In the present system, the toned image can be fixed by conventional means such as heat, solvent, pressure spray fixing or other appropriate fixing means. Typical fixing means are defined in U.S. Pat. Nos. 4,267,556; 4,518,468 and 4,494,129. Since the dielectric layer is removed from the conductive substrate at the conclusion of the process, cleaning of residual charge or contamination is not required.
The dielectric may be deposited upon a conductive endless belt, a conductive drum or other conductive substrates by any suitable means which provide a substantially defect-free surface. The term "conductive substrate" or "drum" used throughout this disclosure and claims includes conductive drums, belts, endless belts or combinations thereof. In some instances a belt and a drum may be used in the same system.
In one or a first embodiment of the invention a liquid dielectric formulation is deposited on the upper surface of a conductive continuous belt. This dielectric layer is then passed through means to cure and to remove the liquid or solvent forming thereby a continuous dielectric layer on the belt. This continuous layer must after curing be capable of receiving and holding a latent electrostatic charge. The dielectric layer is preferably about 0.2 to about 1.5 mils thick but can be up to about 10 mils thick if suitable. An endless belt is preferred in some instances over a drum because of space considerations, uniformity of procedure and tolerances, better control of dielectric layer when deposited as a liquid, ease of separation of product and to provide a more energy efficient system.
Another method of providing a dielectric layer on the conductive substrate surface is by using a preformed dielectric film. This film is usually conveyed to the endless belt from a spool or other dispensing means. It is unwound upon the conductive belt and an adhesive applied to effect at least temporarily secure contact with the belt. Alternately, a thin permanent dielectric may be made part of the conductive endless belt and charged to a known potential by any standard means. The preformed dielectric film may be oppositely charged and then applied to the charged dielectric side of the conductive endless belt thereby creating and electrostatic field and hence a force which strongly attracts the preformed dielectric film to the conductive endless belt. The contact must be secure enough to allow the dielectric layer to be advanced and processed through each station but ultimately removable at the separation station. Once the dielectric layer is formed on the conductive belt it is discharged by conventional means to provide an electrically clean, uncontaminated surface able to accept a sharp imagewise ionic charge. After the novel print head of this invention is used to deposit the latent image upon the dielectric layer, the endless belt and the imaged dielectric layer pass through a development station where the dielectric is toned by use of a novel liquid toner. This liquid toner contains a resin which is of the same family as used in the dielectric, i.e. of the vinyl, acrylate or polyester families. Once the image is toned it is passed through a heat evaporation station and/or a fixing station such as a heated platen or fuser rolls. As noted earlier, pressure fixing, spray fixing or other suitable fixing means may be used if desired.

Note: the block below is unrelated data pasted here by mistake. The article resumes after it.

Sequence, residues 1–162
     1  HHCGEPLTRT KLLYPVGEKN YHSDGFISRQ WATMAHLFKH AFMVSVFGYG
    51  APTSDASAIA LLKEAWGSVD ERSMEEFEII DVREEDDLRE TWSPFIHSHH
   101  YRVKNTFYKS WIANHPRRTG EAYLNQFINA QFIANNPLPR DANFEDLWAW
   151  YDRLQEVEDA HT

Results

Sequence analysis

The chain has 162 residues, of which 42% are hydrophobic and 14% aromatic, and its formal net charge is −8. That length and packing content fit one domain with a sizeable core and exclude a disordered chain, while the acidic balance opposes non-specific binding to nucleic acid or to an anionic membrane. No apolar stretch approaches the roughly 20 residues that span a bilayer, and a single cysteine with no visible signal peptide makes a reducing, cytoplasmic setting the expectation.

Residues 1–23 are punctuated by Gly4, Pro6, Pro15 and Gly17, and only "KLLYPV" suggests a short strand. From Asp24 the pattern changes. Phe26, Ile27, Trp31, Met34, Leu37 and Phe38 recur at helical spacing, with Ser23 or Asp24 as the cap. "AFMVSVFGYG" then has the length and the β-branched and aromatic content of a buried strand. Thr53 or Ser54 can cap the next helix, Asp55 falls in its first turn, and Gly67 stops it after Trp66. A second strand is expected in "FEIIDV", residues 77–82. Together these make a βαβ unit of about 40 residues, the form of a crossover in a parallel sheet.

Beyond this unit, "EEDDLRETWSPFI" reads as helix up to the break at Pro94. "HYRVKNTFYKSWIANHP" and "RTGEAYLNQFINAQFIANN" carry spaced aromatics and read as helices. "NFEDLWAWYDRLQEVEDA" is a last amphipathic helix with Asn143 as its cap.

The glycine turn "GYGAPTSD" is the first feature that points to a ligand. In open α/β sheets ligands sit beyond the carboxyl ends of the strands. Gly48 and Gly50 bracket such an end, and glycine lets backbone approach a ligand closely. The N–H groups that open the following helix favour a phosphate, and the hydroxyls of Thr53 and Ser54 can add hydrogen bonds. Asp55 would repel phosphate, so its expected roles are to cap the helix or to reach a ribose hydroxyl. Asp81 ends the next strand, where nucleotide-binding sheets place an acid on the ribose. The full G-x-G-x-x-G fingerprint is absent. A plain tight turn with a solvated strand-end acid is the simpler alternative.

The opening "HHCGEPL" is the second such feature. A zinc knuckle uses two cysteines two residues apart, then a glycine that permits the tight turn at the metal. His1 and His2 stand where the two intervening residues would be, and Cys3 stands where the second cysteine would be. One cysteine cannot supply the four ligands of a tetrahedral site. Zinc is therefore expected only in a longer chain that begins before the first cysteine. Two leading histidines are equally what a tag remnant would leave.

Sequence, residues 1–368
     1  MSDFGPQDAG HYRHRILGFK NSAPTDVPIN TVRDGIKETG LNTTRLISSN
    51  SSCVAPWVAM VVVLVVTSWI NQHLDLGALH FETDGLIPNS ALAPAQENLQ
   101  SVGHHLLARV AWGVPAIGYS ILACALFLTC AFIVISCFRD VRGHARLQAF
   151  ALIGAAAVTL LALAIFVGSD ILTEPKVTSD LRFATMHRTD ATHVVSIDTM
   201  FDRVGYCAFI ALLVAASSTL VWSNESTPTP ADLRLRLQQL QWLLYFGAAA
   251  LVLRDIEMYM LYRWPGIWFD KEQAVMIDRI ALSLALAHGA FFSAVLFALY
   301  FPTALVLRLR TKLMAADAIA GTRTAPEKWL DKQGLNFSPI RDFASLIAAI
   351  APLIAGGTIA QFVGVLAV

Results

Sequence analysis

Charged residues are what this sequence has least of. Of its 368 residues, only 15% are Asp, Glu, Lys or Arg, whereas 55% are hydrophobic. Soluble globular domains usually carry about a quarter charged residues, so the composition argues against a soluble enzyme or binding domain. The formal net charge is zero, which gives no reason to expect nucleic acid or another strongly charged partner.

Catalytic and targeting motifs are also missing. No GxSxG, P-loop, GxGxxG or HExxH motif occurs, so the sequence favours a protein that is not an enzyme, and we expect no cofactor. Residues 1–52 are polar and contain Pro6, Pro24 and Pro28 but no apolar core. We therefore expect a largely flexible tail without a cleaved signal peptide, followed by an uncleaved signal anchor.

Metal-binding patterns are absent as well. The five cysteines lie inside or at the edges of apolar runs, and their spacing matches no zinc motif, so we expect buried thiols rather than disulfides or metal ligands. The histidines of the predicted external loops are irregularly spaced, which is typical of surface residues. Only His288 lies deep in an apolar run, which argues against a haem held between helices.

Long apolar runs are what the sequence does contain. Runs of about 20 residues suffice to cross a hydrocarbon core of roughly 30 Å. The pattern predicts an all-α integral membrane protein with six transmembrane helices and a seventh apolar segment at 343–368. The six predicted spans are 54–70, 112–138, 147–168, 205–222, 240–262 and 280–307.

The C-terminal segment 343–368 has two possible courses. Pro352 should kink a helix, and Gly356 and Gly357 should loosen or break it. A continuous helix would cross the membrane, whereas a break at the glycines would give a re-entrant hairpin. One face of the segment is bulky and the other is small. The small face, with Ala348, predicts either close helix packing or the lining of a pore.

Once the image is fixed to the dielectric, the dielectric layer may be laminated and then removed or can be further attached onto a thicker base structure. In a preferred embodiment a clear overcoating substance such as polyvinylchloride film is laminated onto the imaged dielectric layer forming a final product. Alternatively, it can be used as only the imaged component of a final product. This clear overcoating laminate also provides stability to the imaged dielectric layer and prevents it from shrinking or becoming deformed upon cooling. Upon lamination of the clear overcoating to the dielectric, an adhesive which facilitates adhesion of these two layers is preferably used.